The same can be said if listening to a deeper song, like those of Jill Tracy, where Atlas is able to give a strong emotion to the entire song, especially with the large bass, creating a true atmosphere for the listener. Overall, the midrange can also be described as rich and organic, with a natural overall speed and excellent clarity, I’m actually quite impressed by how much detail they are able to reveal without becoming too overbearing. Interesting enough, the midrange doesn’t feel analytic and fatiguing, but rather organic, rich and musical, the raw amount of details is presented naturally and not forced onto the listener.
Atlas has a 2-4kHz elevation, with this elevation peaking into the 5-7kHz area, resulting in a really good sense of detail, and since this is where the odd harmonics of guitar notes are, resulting in some of the juiciest guitar solos out there, listening to some Slash, Architects, Polyphia or John5 being an absolute treat, like it would be to eat an entire cake in one sitting.
The treble is quite interesting, as it is actually well expressed, and it balances the warm bass, and the midrange, creating a true sparkle for music to shine with. The treble of Atlas can be described as full-bodied, and since the upper treble peak is around 8-9kHz, it tends to be quite pleasing, and it doesn’t lose quite that much energy above 9kHz, leading nicely into 11kHz with some air and high-end extension. This being said, Cymbal crashes tend to sound fairly textury, and with a good amount of energy, electronic music having just the right amount of sparkle to be fun and engaging, while rock and metal gets enough impact to be fun and energetic.
Overall, I can say with confidence that Atlas will sound good with most music styles, having its own way of delivering an impressive and dynamic sound, sounding epic, organic, and having a deep yet well extended tuning.
The portable usage is fairly good.
I named this entire area Portable Usage, because it takes into account multiple aspects of using a IEM portably, like how easy it is to drive, how much it requires a strong AMP to sound good, and how likely you are to use it on-the-go. This is because a IEM (In-Ear Monitor) is mainly made to be used portably, and not inside your home.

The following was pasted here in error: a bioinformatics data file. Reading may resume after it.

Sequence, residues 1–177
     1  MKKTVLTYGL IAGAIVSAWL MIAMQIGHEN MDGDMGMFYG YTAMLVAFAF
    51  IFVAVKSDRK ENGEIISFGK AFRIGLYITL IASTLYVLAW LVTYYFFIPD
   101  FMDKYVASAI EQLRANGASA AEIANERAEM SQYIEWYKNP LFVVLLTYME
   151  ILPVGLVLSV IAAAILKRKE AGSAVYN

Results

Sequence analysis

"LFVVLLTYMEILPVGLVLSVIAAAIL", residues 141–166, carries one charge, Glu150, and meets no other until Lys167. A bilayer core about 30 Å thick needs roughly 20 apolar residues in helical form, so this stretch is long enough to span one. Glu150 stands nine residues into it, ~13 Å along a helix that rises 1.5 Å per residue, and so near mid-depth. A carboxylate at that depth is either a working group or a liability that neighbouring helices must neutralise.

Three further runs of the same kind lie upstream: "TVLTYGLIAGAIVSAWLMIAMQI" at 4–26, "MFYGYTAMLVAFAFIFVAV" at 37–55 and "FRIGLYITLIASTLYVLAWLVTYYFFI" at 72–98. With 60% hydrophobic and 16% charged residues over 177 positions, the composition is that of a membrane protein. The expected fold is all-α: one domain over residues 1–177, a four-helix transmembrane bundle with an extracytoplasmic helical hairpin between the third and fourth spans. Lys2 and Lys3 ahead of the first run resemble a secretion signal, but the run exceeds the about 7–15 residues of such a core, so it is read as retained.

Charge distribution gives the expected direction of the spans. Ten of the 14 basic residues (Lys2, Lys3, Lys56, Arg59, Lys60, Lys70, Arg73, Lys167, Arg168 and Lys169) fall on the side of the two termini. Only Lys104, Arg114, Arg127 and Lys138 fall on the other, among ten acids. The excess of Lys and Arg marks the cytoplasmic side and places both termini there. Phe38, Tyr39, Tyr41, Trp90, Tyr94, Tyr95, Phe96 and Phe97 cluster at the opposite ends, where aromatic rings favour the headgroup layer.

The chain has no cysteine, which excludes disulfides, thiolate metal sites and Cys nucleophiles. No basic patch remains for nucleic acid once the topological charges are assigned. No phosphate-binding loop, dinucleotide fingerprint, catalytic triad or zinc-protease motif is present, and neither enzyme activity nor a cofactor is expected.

Back to the portable usage, Atlas tends to stack fairly well. Besides the fact that it scales quite well, so a really good source will pull much better sound from them, they are fairly easy to drive, a portable source like a NextDrive SpectraX doing the job incredibly well, as well as an iFi xDSD, or a Player like iBasso DX200, or a Hiby R6.
On the other hand, those are some pretty expensive IEMs, and you are not very likely to take them out for jogging, and taking into account the fact that you need to use foam tips to avoid driver flex, they are fairly good instead of excellent for portable usage.
Other things to take into account, are that they do not present cable microphonics, and they do have detachable cables, so using them on-the-go is not an issue, and the fact that they do not need much juice to sound very good, so you can use something as minimalistic as a FiiO BTR3 to drive them.
They tend to sit well in your ears after you find their sweet spot, and you can totally walk or run while wearing them, you could use them for live performance, and I found excellent overall comfort when wearing them over-the-ear and straight-down, but the better comfort and sonic performance can be had while wearing them straight-down from my experience.
Campfire Atlas is a true flagship, and it is only fair that I compare it with only the best flagships out there, since by the time you’re considering them, you’re considering other interesting flagships as well. The main IEMs I’m comparing Campfire Atlas with are HIFIMAN RE2000, Dita Answer Truth Edition, Beyerdynamic Xelento. I considered comparing Atlas with IE800 from Sennheiser, but IE800 is quite outdated by this time, and the comfort difference is too high, when you take into account how much more comfortable Atlas is. As always, if you’re curious for comparisons with other IEMs, don’t hesitate to ask.